2. The liquid crystal display assembly as described in claim 1 wherein means are included for supporting said liquid crystal layer comprising essentially parallel support plates between which said layer is contained, at least one of said support plates being transparent and having a transparent conductive coating on at least one side thereof, and wherein said means for applying said electrical signal of predetermined amplitude and frequency to said crystal material includes said transparent conductive coating.

3. The liquid crystal display assembly as described in claim 1 wherein said independent control over the contrast is initiated at a signal frequency which is dependent upon the amplitude of the applied electrical signal which establishes said speed of response.

4. The liquid crystal display assembly as described in claim 3 wherein said signal frequency at which independent control over the contrast of the exhibited electro-optical effect is initiated is also dependent upon the resistivity of the nematic liquid crystal material.

5. The liquid crystal display assembly as described in claim 3 wherein said signal frequency at which independent control over the contrast of the exhibited electro-optical effect is initiated is also dependent upon the thickness of the nematic liquid crystal material.

t i t 8 i UNITED STATES PATENT OFFICE CERTIFICATE 0F CORRETION Patent No. 3,655.269 Dated Avril 11, 1972 In n George H Heilme-ipr It is certified that error appears in the above-identified patent and that said Letters Patent are hereby corrected as shown below:

Column 1, Line 4 insert This application is a continuation of Serial No. 749,058, filed July 31, 1968,

now abandoned.

Column 3, Line 6 after "of" insert energizing Signed and sealed this 26th day of September 1972.

(SEAL) Attest:

EDWARD M.FLETCHER,JR. ROBERT GOTTSCHALK' Attesting Officer Commissioner of Patents FORM PO-105O (1069) USCOMM-DC 60376-969 3530 6172 uvs. GOVERNMENT PRINTING OFFICE \959 0-365-334

Patent Citations
Cited PatentFiling datePublication dateApplicantTitle
US3322485 *Nov 9, 1962May 30, 1967Rca CorpElectro-optical elements utilizing an organic nematic compound
US3532813 *Sep 25, 1967Oct 6, 1970Rca CorpDisplay circuit including charging circuit and fast reset circuit
Non-Patent Citations
Reference
1 *Molecular Crystals, 1966 Vol. 2 pp. 167 188 Muller Effects of Electric Fields on Cholesterol Nonanoate Liquid crystals.
Referenced by
Citing PatentFiling datePublication dateApplicantTitle
US3815982 *Nov 13, 1972Jun 11, 1974Agfa Gevaert AgMotion picture fade-out and fade-in arrangement using a fluid crystal
US3835463 *Jul 27, 1972Sep 10, 1974Matsushita Electric Ind Co LtdLiquid crystal x{14 y matrix display device
US3915548 *Nov 29, 1974Oct 28, 1975Hughes Aircraft CoHolographic lens and liquid crystal image source for head-up display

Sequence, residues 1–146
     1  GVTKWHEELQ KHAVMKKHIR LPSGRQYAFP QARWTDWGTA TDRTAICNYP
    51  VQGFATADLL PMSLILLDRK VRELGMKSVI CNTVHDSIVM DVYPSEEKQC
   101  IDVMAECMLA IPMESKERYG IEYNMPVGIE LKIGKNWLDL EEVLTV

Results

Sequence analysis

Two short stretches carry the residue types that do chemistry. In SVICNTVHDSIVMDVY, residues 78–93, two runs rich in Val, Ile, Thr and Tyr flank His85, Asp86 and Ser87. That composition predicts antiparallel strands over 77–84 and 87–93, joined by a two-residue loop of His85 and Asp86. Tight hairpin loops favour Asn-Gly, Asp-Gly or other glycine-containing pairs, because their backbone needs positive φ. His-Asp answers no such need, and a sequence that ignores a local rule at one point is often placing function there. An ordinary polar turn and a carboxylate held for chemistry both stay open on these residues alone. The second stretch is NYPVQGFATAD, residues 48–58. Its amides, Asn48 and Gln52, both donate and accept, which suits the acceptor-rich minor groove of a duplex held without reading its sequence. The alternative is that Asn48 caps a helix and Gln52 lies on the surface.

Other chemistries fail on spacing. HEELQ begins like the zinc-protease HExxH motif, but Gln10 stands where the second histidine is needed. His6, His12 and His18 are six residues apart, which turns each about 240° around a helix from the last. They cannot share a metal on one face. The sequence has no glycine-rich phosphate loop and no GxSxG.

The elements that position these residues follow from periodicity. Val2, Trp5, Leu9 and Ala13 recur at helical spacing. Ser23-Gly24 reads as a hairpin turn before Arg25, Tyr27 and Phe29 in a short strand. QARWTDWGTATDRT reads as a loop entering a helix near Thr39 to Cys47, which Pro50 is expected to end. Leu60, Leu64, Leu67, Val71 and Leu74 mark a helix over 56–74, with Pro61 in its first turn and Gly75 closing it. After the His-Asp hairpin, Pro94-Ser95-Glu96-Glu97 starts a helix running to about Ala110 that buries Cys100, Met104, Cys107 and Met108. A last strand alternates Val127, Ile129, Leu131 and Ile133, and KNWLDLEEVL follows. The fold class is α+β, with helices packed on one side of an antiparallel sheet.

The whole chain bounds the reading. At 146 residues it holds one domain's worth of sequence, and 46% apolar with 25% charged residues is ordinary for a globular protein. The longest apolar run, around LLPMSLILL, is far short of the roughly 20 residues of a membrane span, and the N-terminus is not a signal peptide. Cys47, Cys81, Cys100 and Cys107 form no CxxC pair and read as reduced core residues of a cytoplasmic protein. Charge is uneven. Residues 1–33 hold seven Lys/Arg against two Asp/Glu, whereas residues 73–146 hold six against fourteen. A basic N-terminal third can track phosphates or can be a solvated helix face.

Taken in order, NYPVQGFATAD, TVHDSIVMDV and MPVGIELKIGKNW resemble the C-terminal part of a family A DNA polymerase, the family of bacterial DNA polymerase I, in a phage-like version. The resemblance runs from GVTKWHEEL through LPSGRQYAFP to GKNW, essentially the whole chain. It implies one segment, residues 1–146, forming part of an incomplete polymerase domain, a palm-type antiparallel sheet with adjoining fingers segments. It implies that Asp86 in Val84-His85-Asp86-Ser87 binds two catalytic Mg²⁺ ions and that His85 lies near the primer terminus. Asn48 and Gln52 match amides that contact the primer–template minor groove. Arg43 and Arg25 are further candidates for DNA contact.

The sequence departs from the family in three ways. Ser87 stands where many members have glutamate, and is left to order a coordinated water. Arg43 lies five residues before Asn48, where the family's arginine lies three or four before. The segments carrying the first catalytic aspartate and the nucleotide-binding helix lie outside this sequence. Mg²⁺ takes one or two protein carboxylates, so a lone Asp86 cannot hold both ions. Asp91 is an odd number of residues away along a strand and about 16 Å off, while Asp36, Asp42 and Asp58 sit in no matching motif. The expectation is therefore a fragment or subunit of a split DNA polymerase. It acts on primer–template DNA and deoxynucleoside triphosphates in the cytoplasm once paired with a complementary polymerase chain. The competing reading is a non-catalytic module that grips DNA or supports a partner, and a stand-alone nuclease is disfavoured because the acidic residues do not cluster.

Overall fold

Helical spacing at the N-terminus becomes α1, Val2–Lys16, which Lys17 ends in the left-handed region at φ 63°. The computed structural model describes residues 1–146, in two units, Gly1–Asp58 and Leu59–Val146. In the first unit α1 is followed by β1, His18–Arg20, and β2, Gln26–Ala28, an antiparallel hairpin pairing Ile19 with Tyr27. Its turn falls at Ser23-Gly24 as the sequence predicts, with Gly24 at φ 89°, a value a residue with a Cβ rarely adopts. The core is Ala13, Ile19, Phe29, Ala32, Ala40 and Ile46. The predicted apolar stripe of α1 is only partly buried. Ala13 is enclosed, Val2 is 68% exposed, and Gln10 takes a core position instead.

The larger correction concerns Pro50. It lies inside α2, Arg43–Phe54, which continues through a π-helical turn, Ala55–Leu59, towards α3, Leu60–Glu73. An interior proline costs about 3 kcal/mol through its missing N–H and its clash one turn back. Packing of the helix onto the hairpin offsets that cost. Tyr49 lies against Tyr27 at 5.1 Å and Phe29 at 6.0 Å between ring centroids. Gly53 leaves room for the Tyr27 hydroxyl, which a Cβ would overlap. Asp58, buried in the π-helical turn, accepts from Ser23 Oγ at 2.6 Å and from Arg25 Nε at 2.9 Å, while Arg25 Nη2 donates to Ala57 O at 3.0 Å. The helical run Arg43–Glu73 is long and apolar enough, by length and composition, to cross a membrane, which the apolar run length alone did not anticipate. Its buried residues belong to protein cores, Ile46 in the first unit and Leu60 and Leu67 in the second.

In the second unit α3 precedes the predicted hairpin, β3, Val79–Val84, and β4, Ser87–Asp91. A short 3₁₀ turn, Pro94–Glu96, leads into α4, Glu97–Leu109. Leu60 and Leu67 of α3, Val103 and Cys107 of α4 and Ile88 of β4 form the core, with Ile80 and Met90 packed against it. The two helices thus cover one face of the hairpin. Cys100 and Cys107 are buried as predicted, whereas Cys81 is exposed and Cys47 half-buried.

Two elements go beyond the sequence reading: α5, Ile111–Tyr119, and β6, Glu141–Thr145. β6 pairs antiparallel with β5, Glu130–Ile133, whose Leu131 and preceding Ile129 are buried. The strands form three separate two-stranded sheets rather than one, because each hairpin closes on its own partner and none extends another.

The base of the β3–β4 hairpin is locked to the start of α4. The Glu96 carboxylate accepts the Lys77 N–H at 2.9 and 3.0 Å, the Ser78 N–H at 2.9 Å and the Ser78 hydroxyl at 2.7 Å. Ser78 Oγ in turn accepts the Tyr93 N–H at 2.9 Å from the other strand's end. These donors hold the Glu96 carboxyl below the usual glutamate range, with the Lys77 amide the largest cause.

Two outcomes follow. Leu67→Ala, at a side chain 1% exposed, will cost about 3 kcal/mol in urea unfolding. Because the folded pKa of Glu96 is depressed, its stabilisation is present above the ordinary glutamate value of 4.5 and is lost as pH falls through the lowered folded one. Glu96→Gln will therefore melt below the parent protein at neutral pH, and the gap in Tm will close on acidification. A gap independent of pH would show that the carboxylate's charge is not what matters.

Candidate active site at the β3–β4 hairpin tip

US4048628 *Jul 28, 1976Sep 13, 1977Hughes Aircraft CompanyMethod and apparatus for erasing scattering in storage-type liquid crystals by frequency sweeping
US4066333 *May 18, 1976Jan 3, 1978Commissariat A L'energie AtomiqueMethod of control of a liquid-crystal display cell
US4364039 *Jul 25, 1980Dec 14, 1982Texas Instruments IncorporatedStacked electro-optic display
US4493531 *Apr 1, 1983Jan 15, 1985Control Interface Company LimitedField sensitive optical displays, generation of fields therefor and scanning thereof
US4496981 *Jul 5, 1984Jan 29, 1985Matsushita Electric Industrial Co., Ltd.Video camera with a monitor
US4533215 *Dec 2, 1982Aug 6, 1985The United States Of America As Represented By The Secretary Of The NavyReal-time ultra-high resolution image projection display using laser-addressed liquid crystal light valve
US4547043 *Jan 22, 1982Oct 15, 1985Penz Perry AStacked LCD graphics display
US4585310 *Dec 12, 1983Apr 29, 1986International Business Machines CorporationAlignment layer orientation in raster scan thermally addressed smectic liquid crystal displays
US4626072 *Jan 25, 1984Dec 2, 1986Commissariat A L'energie AtomiqueMatrix display and method of capacitance compensation via charge distribution
US4672457 *Sep 27, 1982Jun 9, 1987Hyatt Gilbert PScanner system
US4724311 *Nov 15, 1985Feb 9, 1988American Sterilizer CompanyVariably transmissive filter
US4739396 *Sep 27, 1982Apr 19, 1988Hyatt Gilbert PProjection display system
US4772101 *Nov 7, 1986Sep 20, 1988The United States Of America As Represented By The Administrator Of The National Aeronautics And Space AdministrationRemotely controllable real-time optical processor
US5398041 *Apr 27, 1990Mar 14, 1995Hyatt; Gilbert P.Colored liquid crystal display having cooling
US5432526 *Apr 27, 1990Jul 11, 1995Hyatt; Gilbert P.Liquid crystal display having conductive cooling
US6515645 *Jun 21, 1999Feb 4, 2003Citizen Watch Co., Ltd.Liquid crystal display apparatus
DE2346732A1 *Sep 17, 1973Apr 4, 1974BarzilaiVerfahren und vorrichtung zum wiedergeben von bildern mit elektrooptischen fluessigkristall-einrichtungen
WO1987001468A1 *Sep 5, 1986Mar 12, 1987Consolidated Technology Pty. Ltd.Method and apparatus for controlling a liquid crystal device
Classifications
U.S. Classification349/177, 349/35, 345/50, 348/790, 345/100, 349/36
International ClassificationG02F1/137, G02F1/13
Cooperative ClassificationG02F1/1375
European ClassificationG02F1/137H2